"Master Harold"... and the boys: (seen at the afternoon performance
on 26th October 2019): Tremors build to an earthquake, and there is far more
going on behind the dialogue than in spoken words. An autobiographical play,
according to the programme, it's an even harder watch now than on its debut in
A sign of how things change is that the monkey actually needed the explanation
of an exceptionally racist pun. Once received, it was in total shock as its mind
just never even considered or saw the "joke" - and that's coming from someone
with a lifelong interest in comedy and a firm grounding in the "pre-alternative"
era where such material was commonplace.
Of the play itself, it's deceptively simple. We are always aware of the shaky
ground and inequalities of power. More than that, the absolute entitlement of
Hally (Anson Boon) sits steaming before restrained Sam (Lucian Msamati) and
co-worker Willie (Hammed Animashaun).
Msamati's character has the intelligence to know what is happening and attempt
to cover and deflect. One of the finest performances the monkey has seen this
year, a simple line as to why he couldn't sit on a bench struck like a bowling
ball against all ten pins. Animashaun brings directness to his own work, cutting
through analysis with a rawness underlined by his character's domestic story.
Boon is a teenager without judgement, acting as white South Africa did, simply
carrying on tradition. Ignoring warnings and signs, Fugard's self-castigation is
clear and his apology and dissection of what went wrong even clearer.
Director Roy Alexander Weise keeps it simple, allowing each person to speak but
never preach, for words to fall and land and settle and for an ending almost
heartbreaking in simplicity - Shelley Maxwell deserving a note for movement and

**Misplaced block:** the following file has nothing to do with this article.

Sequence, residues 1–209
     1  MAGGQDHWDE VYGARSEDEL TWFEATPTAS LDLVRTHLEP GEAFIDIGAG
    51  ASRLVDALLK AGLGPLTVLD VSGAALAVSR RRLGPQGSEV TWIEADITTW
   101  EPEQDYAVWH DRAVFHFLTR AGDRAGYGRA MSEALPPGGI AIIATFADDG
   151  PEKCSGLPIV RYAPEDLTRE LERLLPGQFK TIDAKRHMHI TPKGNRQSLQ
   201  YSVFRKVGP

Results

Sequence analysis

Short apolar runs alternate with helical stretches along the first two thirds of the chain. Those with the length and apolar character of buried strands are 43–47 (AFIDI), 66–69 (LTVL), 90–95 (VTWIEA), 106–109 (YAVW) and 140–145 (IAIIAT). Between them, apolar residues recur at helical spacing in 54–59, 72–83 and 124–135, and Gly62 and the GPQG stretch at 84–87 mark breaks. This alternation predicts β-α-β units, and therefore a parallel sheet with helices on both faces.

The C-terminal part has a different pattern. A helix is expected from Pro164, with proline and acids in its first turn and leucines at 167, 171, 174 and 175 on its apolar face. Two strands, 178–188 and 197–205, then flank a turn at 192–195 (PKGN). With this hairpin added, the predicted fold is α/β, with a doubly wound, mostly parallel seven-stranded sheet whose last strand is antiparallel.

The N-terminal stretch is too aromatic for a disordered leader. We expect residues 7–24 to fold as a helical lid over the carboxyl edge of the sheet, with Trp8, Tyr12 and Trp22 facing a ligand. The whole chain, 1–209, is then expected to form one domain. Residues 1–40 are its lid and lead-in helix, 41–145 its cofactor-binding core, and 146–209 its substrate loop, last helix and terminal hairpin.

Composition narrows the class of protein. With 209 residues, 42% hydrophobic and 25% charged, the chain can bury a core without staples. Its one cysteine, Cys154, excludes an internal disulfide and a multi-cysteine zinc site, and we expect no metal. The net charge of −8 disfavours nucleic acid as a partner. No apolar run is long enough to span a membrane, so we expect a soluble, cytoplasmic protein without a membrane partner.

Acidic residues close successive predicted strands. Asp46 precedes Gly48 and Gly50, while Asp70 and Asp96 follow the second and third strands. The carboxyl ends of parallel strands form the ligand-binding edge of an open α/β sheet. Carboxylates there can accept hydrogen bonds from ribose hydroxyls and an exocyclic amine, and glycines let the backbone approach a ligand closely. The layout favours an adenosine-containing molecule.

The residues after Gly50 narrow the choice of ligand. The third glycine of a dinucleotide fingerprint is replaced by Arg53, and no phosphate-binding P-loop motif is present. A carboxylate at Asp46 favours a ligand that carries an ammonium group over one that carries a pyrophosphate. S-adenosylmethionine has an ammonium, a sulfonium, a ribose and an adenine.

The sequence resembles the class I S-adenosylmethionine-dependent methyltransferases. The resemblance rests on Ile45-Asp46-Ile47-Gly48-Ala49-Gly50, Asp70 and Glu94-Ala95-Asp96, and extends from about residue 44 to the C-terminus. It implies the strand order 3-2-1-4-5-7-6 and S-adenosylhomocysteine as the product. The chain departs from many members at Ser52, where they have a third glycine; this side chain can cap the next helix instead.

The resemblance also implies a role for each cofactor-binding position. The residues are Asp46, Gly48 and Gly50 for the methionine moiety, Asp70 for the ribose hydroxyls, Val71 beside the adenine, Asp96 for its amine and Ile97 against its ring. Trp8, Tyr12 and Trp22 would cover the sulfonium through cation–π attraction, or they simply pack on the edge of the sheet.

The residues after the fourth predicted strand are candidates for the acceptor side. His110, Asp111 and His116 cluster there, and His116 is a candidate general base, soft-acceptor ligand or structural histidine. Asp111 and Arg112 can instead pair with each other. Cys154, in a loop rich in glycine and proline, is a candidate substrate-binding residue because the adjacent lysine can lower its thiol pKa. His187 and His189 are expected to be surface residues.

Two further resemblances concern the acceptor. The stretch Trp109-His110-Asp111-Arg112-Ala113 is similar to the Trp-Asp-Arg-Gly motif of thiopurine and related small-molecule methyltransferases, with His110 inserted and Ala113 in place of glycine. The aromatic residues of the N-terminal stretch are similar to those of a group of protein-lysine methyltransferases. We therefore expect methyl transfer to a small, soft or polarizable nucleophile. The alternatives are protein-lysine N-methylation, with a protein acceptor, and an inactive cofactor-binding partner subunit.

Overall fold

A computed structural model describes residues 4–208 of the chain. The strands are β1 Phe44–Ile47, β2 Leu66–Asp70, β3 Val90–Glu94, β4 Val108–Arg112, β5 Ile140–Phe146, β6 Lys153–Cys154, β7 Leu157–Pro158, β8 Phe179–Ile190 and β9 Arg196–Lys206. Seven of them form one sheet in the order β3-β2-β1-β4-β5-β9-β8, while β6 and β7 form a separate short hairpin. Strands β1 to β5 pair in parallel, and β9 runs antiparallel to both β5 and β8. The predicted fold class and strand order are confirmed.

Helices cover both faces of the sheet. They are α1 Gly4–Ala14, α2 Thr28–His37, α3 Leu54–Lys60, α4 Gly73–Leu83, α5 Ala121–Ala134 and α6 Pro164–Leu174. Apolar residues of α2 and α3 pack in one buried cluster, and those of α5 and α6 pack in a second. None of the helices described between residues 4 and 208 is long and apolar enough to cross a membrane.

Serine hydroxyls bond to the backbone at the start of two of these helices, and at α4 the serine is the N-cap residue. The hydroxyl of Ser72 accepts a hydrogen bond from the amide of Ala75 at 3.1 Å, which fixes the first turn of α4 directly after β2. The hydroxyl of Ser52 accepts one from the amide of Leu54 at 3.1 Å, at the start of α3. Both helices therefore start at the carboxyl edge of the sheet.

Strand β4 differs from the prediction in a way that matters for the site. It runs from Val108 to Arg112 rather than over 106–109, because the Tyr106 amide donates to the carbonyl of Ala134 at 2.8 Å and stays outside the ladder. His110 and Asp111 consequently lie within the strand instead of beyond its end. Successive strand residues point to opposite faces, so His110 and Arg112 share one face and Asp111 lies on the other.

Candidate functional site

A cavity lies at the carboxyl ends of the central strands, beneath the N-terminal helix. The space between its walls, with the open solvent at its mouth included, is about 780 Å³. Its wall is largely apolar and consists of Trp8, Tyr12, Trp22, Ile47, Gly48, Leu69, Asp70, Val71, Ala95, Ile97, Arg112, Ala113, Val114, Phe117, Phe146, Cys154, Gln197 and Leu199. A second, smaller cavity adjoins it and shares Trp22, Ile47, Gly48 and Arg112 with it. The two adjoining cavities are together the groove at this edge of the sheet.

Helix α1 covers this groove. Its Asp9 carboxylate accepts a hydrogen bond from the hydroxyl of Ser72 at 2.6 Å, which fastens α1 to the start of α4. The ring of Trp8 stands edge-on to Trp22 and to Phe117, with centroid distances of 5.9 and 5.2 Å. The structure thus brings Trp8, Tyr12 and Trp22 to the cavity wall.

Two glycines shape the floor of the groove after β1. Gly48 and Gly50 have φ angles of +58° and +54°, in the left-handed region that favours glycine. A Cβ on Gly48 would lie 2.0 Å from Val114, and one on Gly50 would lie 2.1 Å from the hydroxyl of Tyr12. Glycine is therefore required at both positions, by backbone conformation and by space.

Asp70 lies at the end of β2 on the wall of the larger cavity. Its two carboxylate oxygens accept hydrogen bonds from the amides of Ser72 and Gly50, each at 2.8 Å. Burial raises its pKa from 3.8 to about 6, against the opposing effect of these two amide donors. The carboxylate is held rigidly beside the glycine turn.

choreography here. Fine work too from Rajha Shakiry with a set that impresses
with period accuracy and costume fabrics matching the mood of the piece.
A deep and thoughtful revival of an astounding insight into a very different and
Hansard: (Seen at the afternoon performance on 12th October 2019): This
Cotswolds husband and wife have developed a metaphorical circus act. They take
it in turns to throw knives at each other - and more than a few hit their
intended target... and turn out to be rubber. Simon Woods scripts to lacerate
without evisceration, intentionally or not. Oddly, that adds considerably to the
interest of this play. It's sparring, not mortal combat - but there's always the
intensity that it could spill over.
Simon Goodwin keeps the pace exceptionally steady, aided no doubt be the
experience of Lindsay Duncan as Diane and Alex Jennings as Robin. The pair are
measured even mid-squall, battles raging as one or other moves to another room
to retrieve an item or change clothes. Destruction of property doesn't de-rail,
and the resulting tension is firm enough to support the audience and concept
Acting honours are equal. She is emotionally neglected yet perhaps not as
martyred as it appears. He is a product of his upper class upbringing yet is
allowed greater breadth of emotion than many other writers and directors
currently do. That's a refreshing change, as is the right-leaning politics and
unreconstructed robust treatment of the 1980s in which the play is set.
This play says rather more about the link between past and present than first
appears. Nowhere near as simple as the premise, but perhaps in its restricted
length lacking time to answer fully some of the questions raised, it is still a
hugely satisfying piece on all fronts - idea, script, direction and
Three Sisters: Not available.
The Welkin: Not available.
The Seven Streams of the River Ota: Not available.